Some people are dog people. How couldn’t you be? They’re friendly, loyal and would never eat your neighbors’ pet…

By Emma Korntheuer

Picture your kitchen. The dried and canned goods in your cabinets, the produce in your fridge, perhaps a fruit basket perched on the counter. Imagine one day waking up and facing a reality in which one third of your food simply ceases to exist. What will you lose?

Globally, bees are responsible for 35% of our food supply, with many everyday crops relying on insect pollination to produce our fruits, vegetables, and nuts (NRCS, 2020). …

By Erica Kono

You wake up on a calm Saturday morning and look out the window. Out in the distance, you see a tree. You gaze at it vacantly, observing its leafless remains. It has been completely engulfed in water. You’re living on stilts, and the water quickly approaches year after year in the hopes to claim your home as well.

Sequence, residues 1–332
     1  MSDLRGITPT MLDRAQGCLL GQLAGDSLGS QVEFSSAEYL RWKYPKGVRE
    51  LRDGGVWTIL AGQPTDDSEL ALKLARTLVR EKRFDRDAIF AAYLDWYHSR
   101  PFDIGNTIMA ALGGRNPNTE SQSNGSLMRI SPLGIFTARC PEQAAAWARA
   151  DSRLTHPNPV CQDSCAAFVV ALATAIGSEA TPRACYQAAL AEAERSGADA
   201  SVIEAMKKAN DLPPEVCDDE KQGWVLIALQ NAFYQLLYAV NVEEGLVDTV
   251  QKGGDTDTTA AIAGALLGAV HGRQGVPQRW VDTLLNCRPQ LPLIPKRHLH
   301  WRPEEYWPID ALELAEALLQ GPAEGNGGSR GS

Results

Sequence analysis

For those who live on the coast of Louisiana, this has become their chilling reality.

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A U.S. Geological Survey map from 1932 is compared to a satellite image from 2011 to demonstrate the amount of lost land. Photo by: NOAA,

What’s happening in Louisiana?

The stars must have aligned (in a bad way) because this boot-shaped state has been hit with a multitude of problems, including subsidence (sinking…

By Breanna Kellogg

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Phoenix Islands Protected Area, photo taken by Ron Van Oers

The Blue Paradox